Miniature stories telling of being with each other and against each other, of freedom and dependence, ties and separation, affection and argument – sometimes full of existential power, sometimes full of tenderly woven lyricism, sometimes full of the joys of life.
“As a ballet about the difficulty of loving, of being the friend of someone who is in love and about the need we often feel to desire and to dream of more or something different from what we are capable of achieving”, is how Martin Schläpfer describes his Third Piano Concerto: a touching dance that reveals the nuances of the human soul in all its many shades, choreographed to Alfred Schnittke’s magnificent Concerto for Piano and String Orchestra: music like “the eye of the needle for the whole, rich world”.
Karole Armitage is regarded as one of the most brilliant figures in American dance. She has worked with George Balanchine, Merce Cunningham and on Broadway, began choreographing at the invitation of Mikhail Baryshnikov and Rudolf Nureyev, and created complex connections between dance, the visual arts, poetry and music that were initially associated with the punk movement. In recent years she has probed ever further into philosophical questions of human existence. This is also the case in the Ligeti Essays, which were created in intense interactions with three song cycles by György Ligeti: poetic and nocturnal metaphors for human encounters.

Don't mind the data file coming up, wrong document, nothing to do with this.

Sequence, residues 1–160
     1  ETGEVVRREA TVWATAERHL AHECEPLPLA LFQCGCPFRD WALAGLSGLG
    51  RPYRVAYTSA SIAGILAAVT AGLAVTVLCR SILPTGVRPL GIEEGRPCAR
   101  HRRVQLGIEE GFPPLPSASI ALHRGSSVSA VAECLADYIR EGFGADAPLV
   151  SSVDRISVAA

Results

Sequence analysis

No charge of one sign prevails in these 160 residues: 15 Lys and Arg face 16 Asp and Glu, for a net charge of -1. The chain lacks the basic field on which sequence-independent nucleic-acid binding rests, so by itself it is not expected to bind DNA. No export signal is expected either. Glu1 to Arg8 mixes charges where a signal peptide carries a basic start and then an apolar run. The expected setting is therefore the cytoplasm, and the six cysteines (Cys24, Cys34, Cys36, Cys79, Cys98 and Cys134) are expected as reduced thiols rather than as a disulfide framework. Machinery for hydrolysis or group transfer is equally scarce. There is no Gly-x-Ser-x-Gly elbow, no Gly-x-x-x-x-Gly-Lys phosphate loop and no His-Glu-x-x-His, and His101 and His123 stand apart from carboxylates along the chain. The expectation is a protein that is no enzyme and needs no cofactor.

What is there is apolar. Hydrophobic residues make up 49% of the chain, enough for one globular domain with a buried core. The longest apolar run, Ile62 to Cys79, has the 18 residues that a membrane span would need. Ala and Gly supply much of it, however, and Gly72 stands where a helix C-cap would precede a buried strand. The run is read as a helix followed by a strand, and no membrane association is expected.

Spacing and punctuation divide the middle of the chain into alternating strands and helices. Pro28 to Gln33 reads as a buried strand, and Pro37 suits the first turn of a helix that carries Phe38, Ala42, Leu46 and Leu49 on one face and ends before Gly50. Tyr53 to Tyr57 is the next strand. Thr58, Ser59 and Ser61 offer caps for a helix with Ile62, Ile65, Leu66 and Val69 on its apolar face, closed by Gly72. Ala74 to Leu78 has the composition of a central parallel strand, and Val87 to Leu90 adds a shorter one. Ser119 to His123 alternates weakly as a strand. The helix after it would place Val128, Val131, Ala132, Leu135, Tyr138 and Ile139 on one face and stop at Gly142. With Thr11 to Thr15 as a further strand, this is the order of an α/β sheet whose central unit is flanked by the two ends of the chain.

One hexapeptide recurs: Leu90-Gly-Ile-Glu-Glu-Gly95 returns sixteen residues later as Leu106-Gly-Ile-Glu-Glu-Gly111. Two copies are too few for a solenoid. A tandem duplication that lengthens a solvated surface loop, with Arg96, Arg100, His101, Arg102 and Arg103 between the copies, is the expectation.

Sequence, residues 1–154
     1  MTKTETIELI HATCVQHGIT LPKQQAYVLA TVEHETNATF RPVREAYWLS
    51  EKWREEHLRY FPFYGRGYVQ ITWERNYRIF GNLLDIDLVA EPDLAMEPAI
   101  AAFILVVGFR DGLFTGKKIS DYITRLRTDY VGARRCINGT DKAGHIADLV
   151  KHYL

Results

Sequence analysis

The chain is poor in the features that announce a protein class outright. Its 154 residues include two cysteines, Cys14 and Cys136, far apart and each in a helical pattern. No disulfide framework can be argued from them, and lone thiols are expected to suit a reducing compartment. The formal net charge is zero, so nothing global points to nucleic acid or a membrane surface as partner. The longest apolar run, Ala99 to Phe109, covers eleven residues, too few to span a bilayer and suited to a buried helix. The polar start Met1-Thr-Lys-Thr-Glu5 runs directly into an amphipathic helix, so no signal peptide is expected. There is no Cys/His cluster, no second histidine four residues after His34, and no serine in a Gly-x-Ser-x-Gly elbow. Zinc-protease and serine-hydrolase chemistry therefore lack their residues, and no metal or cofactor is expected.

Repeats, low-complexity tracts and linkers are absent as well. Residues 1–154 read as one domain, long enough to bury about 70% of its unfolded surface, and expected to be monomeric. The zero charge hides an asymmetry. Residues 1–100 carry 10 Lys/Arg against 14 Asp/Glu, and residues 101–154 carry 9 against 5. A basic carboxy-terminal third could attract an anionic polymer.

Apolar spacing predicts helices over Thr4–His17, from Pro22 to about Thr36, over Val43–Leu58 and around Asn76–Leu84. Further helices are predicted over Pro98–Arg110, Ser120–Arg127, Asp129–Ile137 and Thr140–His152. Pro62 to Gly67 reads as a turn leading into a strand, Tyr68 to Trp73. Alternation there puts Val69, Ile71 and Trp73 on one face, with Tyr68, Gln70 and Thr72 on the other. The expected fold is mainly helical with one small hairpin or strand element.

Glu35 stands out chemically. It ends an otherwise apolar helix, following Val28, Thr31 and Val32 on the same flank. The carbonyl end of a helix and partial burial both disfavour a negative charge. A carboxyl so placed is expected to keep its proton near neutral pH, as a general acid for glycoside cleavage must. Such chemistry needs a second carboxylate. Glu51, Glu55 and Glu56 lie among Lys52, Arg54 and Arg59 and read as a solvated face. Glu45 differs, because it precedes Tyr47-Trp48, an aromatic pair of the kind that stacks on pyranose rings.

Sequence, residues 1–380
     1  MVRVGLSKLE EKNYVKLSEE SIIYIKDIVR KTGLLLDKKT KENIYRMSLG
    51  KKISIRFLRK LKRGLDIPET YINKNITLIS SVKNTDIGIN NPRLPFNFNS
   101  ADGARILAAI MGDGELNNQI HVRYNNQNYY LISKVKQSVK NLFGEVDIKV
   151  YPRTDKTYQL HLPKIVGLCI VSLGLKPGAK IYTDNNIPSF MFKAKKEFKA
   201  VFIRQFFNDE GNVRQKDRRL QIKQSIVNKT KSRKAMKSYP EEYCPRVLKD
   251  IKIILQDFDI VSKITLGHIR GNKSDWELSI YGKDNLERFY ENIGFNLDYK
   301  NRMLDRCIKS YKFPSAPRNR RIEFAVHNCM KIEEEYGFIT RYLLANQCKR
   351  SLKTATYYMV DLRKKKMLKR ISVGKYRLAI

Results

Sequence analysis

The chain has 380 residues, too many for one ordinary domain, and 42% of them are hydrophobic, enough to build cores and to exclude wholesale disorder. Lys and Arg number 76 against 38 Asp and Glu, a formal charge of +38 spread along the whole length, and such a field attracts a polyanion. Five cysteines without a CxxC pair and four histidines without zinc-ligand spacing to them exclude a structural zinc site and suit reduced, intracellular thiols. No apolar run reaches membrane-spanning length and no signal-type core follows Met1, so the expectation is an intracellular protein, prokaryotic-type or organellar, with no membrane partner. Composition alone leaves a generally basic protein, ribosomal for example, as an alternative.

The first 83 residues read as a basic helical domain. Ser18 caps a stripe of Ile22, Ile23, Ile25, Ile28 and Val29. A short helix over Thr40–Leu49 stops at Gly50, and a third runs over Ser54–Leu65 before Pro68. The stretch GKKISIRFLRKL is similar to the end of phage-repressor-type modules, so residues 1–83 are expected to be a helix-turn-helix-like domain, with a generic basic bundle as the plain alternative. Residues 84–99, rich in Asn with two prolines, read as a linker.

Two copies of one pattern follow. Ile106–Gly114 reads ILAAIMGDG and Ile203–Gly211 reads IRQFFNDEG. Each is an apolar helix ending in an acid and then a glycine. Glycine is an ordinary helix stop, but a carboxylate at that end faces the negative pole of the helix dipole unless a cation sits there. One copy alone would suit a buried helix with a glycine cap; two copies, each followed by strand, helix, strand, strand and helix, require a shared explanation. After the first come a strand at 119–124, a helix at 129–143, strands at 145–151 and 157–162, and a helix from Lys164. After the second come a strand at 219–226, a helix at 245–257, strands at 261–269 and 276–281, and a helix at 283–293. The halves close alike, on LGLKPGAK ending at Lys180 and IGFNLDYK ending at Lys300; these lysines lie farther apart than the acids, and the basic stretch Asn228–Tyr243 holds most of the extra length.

With Dandelion Wine, Paul Taylor created a homage to spring. To a violin concerto by the Baroque virtuoso Pietro Locatelli, this leading artist of modern dance unfurls a joyous round of ever-new connections between the dancers, full of breath-taking leaps and elegant recklessness. “An instant winner, a joyous ode to the springtime of life […], one of his most dazzling works” wrote Anna Kisselgoff in The New York Times.